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Our defection has not changed our task, though it leads us to neglect it.

As mentioned earlier, in creating the world God subjected us to natural standards, a cultural task and a proper ultimate goal.

None of the above has been abrogated (repealed, rescinded, cancelled) as a result of our defection; they continue to apply. The rules did not change, we just started breaking them.

"For your hardness of heart Moses wrote you this commandment, but from the beginning it was not so."

Matthew 19:8, in which Christ upholds the standards that apply regardless of our defection, and encourages us, however firmly we may, like him, regard the Law of Moses as inspired by God, to recognise that some (I think much) of it is a mitigation of vice, not a standard of virtue.

So our basic duties are unchanged. But the circumstances in which they are to be performed have changed, and we should adjust our attitude correspondingly.

The basic form of the proper attitude, the expression of the godly alignment, is to pursue our cultural task leading to union with God in his anthroposis. This has not been affected by our defection.

But in an unspoiled world the proper attitude also includes two assumptions which in a spoiled world no longer hold good, so that the basic form of the proper attitude is inadequate. One of these concerns our own wicked predisposition, the other concerns the wickedness of others.

God never intended man's progress to be effortless. Even without Defection mistakes would be made and it would sometimes be proper to backtrack to find a new path, to tear down in order to build, to wound in order to heal. I call this the surgical principle. But in post-Defection conditions it applies far more widely.

One's Own Wickedness

The first obsolete assumption is that I am godly.

At the deepest level every self, as they develop, senses their wicked predisposition and consequently adjusts their attitude. But there are two ways to do this.

The wrong way is to formulate defection by creating idols, as explained on a previous page.

The right way is to repent, responding to the ever-present intuition of God's voice calling us to hope for restoration.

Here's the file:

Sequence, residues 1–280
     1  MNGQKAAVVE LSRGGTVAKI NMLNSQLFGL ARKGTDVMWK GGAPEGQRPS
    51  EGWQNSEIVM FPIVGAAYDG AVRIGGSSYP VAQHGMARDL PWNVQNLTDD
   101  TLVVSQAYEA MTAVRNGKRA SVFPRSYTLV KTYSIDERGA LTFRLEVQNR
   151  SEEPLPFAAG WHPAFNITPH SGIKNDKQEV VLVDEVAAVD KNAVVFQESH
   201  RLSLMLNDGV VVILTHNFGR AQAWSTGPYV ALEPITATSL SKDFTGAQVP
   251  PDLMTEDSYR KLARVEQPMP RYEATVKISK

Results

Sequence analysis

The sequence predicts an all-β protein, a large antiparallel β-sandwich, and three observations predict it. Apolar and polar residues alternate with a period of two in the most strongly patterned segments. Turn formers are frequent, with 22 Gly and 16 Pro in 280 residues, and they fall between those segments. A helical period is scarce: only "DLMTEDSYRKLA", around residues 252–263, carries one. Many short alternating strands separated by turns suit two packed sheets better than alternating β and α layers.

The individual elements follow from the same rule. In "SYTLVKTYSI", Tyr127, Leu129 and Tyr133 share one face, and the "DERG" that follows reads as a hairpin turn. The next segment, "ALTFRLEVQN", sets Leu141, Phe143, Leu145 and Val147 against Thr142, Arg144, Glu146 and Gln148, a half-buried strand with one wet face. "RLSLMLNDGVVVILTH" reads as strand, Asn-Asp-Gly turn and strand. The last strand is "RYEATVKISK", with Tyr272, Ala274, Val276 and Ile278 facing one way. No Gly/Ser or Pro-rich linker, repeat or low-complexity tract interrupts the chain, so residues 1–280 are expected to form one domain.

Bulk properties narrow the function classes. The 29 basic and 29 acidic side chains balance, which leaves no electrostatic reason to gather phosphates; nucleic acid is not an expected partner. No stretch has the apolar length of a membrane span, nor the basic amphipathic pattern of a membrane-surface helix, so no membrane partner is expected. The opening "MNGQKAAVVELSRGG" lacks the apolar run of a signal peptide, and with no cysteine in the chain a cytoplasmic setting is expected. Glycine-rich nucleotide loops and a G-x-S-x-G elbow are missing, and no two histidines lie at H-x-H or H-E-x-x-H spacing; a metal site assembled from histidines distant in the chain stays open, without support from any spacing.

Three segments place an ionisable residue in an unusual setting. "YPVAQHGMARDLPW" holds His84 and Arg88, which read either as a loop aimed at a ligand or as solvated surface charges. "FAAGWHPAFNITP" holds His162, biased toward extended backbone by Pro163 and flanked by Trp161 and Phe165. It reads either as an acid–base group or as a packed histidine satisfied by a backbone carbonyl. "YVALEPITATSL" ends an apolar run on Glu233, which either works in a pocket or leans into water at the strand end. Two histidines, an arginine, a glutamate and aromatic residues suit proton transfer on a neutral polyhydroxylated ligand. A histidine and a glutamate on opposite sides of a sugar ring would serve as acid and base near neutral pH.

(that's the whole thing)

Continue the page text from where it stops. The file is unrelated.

Self-reform. The duty of self-improvement was mentioned in the "Creation" section of this Creed, but it now includes, as part of repentance, the duty of self-reform, that is, to purge oneself of the deviant habits that spring from wicked choices.

"Why do you see the speck that is in your brother's eye, but do not notice the log that is in your own eye?"

The gospel according to Matthew 7:3.

Much has been said on this point by others, and I see little benefit in my adding to it; I think my contribution lies elsewhere.

For us who feel impelled to address the specks of others, the danger of neglecting our own logs is perennial and grave. But it is not an excuse to disregard the specks. I now turn to those specks, with a final word to God. (I call this The Critic's Prayer.) "Have mercy on me, a wrongdoer, and help me, in responding to others' faults, not to forget my own."

The Wickedness of Others

The other obsolete assumption is that others are godly.

The proper modes of response to others' wickedness include:

Separation. Pursuing our cultural task involves reaching accords with others. The more all parties share the sense of our basic duties, the easier, deeper and broader such accords will tend to be. So we should generally prefer accord with others who seem to share that sense.

Persuasion. When others violate natural standards, or neglect the cultural task, it is proper to persuade them to repent.

Counteraction. When family or property is disturbed or threatened by actual or anticipated encroachment, it is proper to use force against them. See Counteraction.

But proper responses to wickedness never include further violations, and applying this principle to the question of property yields the conclusion that every form of the state is improper; I treat that as a Creed Item in its own right, and it follows this one.

Adaptation. Some effects of wickedness are impractical to avoid by separation, ameliorate by persuasion, or reverse by counteraction. Then we must simply make the best of a bad job. See Adaptation.

Certain encroachments can only occur if a woman is involved. See Gynaic Encroachments.

God's restorative response to man's original defection was so immediate that speculation about what principles would have applied without that response is futile.

I admit that this is highly abstract, but I think it worthwhile. Some adjustments are proper as a result of the defection as such, and others as a result of God's restorative steps. I address the former here, and the latter in the next Section of this Creed.